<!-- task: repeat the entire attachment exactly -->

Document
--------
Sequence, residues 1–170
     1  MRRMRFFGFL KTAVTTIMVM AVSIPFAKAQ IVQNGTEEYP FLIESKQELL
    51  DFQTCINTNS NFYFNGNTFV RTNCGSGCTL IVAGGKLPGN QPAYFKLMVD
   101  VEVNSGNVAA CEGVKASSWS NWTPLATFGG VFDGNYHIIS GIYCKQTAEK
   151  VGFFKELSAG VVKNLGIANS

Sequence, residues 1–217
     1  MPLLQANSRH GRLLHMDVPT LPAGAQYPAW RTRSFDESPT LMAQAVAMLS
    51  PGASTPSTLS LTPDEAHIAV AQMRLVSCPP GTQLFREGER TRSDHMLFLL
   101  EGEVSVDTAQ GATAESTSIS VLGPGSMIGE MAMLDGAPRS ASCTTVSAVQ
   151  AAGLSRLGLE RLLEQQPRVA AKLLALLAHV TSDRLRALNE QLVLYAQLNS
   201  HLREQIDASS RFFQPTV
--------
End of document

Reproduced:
Sequence, residues 1–170
     1  MRRMRFFGFL KTAVTTIMVM AVSIPFAKAQ IVQNGTEEYP FLIESKQELL
    51  DFQTCINTNS NFYFNGNTFV RTNCGSGCTL IVAGGKLPGN QPAYFKLMVD
   101  VEVNSGNVAA CEGVKASSWS NWTPLATFGG VFDGNYHIIS GIYCKQTAEK
   151  VGFFKELSAG VVKNLGIANS

Sequence, residues 1–217
     1  MPLLQANSRH GRLLHMDVPT LPAGAQYPAW RTRSFDESPT LMAQAVAMLS
    51  PGASTPSTLS LTPDEAHIAV AQMRLVSCPP GTQLFREGER TRSDHMLFLL
   101  EGEVSVDTAQ GATAESTSIS VLGPGSMIGE MAMLDGAPRS ASCTTVSAVQ
   151  AAGLSRLGLE RLLEQQPRVA AKLLALLAHV TSDRLRALNE QLVLYAQLNS
   201  HLREQIDASS RFFQPTV